Adverse effects of calcium channel blockers include dizziness, constipation, palpitations, fatigue, flushing, nausea, rash, headache, and swelling in the legs and feet. Serious side effects include thrombocytopenia, hypotension, and hyperglycemia. Clients with a hypersensitivity to calcium channel blockers or their components should not use this classification of drug. Other contraindications include sick sinus syndrome (except in clients with an artificial pacemaker), severe hypotension, a history of myocardial infarction, or a history of pulmonary congestion.

Table 18.10 is a drug prototype table for calcium channel blockers featuring amlodipine. It lists drug class, mechanism of action, adult dosage, indications, therapeutic effects, drug and food interactions, adverse effects, and contraindications.

Drug Class
Calcium channel blocker

Mechanism of Action
Inhibits the influx of calcium ions into vascular smooth muscle and cardiac muscle, thereby decreasing peripheral vascular resistance and reducing blood pressure
Drug Dosage
5–10 mg orally daily.
To control hypertension
In the treatment of angina

Therapeutic Effects
Lowers blood pressure
Increases blood supply and oxygen to the heart
Drug Interactions

Food Interactions
No significant interactions
Adverse Effects
Peripheral edema
Skin rash
Muscle cramps
Erectile dysfunction

Aortic stenosis
Symptomatic hypotension
Myocardial infarction
Hepatic impairment
Table 18.10 Drug Prototype Table: Amlodipine (source:

Nursing Implications

The nurse should do the following for clients who are taking calcium channel blockers:

  • Monitor the client for interactions because many medications and herbal supplements, such as St. John’s wort, interact with calcium channel blockers. Grapefruit juice also can affect the action of certain calcium channel blockers.
  • Assess and monitor the client for adverse effects and contraindications.
  • Provide client teaching regarding the drug and when to call the health care provider. See below for client teaching guidelines.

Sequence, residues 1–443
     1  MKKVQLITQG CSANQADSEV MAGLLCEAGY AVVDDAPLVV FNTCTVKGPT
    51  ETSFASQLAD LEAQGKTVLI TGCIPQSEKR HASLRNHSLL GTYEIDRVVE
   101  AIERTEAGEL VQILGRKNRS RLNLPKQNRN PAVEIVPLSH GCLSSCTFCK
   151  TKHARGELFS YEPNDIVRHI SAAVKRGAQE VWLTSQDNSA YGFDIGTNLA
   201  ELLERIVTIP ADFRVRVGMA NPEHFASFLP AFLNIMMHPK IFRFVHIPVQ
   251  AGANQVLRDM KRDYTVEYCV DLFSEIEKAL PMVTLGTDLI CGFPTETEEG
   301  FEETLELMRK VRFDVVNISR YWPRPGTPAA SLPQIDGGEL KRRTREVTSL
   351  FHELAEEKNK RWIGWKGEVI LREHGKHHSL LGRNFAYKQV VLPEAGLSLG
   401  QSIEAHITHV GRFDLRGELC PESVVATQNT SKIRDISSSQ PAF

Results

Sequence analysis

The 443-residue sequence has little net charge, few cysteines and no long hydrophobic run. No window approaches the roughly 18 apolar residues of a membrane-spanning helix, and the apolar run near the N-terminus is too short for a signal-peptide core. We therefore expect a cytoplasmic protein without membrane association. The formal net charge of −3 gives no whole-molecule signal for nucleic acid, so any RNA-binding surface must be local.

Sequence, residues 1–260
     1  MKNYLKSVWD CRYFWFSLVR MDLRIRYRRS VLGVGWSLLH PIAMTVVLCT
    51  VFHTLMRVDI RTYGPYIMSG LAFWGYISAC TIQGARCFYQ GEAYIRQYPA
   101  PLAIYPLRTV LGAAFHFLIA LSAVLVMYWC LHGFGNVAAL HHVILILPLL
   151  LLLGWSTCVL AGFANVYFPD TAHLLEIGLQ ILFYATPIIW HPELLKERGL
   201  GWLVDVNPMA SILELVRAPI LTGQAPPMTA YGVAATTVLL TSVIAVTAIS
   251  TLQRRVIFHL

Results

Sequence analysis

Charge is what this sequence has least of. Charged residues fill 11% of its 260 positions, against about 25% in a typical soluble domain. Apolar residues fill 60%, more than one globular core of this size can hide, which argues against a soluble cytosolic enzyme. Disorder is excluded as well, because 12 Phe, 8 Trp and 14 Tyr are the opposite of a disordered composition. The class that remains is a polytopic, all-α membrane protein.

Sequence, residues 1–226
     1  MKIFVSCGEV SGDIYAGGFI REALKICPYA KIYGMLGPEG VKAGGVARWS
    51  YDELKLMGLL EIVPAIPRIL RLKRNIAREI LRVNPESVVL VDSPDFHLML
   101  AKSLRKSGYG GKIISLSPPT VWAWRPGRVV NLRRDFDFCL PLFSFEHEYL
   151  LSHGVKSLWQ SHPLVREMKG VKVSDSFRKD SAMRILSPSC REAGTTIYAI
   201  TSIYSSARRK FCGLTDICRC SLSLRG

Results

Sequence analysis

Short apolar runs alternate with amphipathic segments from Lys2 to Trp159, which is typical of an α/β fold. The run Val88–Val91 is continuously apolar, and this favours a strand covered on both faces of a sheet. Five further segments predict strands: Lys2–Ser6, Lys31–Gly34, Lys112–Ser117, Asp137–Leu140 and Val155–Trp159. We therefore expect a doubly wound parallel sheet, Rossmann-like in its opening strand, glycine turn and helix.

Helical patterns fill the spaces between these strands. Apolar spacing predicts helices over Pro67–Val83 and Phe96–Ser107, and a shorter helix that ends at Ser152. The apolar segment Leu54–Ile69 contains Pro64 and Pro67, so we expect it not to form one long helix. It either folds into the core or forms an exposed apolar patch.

Client Teaching Guidelines

The client taking a calcium channel blocker should:

  • Report side effects such as severe headaches, dizziness, lightheadedness, flushing, nausea, and leg swelling to their health care provider.
  • Take this medication with food to avoid GI upset, nausea, and vomiting.

FDA Black Box Warning

Calcium Channel Blockers

Immediate release nifedipine, a potent calcium blocker, may increase the risk of myocardial infarction, stroke, and arrhythmias.

Unfolding Case Study

Part B

Read the following clinical scenario to answer the questions that follow. This case study is a follow-up to Case Study Part A.

Hahn Tran follows up with her health care provider one week later to get the results of her diagnostic studies. The health care provider diagnose her with hypertension stage 2 and starts her on enalapril, an ACE inhibitor. The nurse then teaches Hahn about this new drug.

Which instruction about enalapril will the nurse give Hahn?
  1. Take this medication with a meal.
  2. Do not take this medication if your heart rate is less than 60 beats/minute.
  3. Avoid salt substitutes that contain potassium while taking this medication.
  4. Avoid eating grapefruit while taking this medication.
Which nonpharmacologic treatment should the nurse anticipate the health care provider will prescribe for the client?
  1. Increase salt intake.
  2. Stop smoking.
  3. Walk 30–40 minutes twice weekly.
  4. Take naproxen sodium for headaches.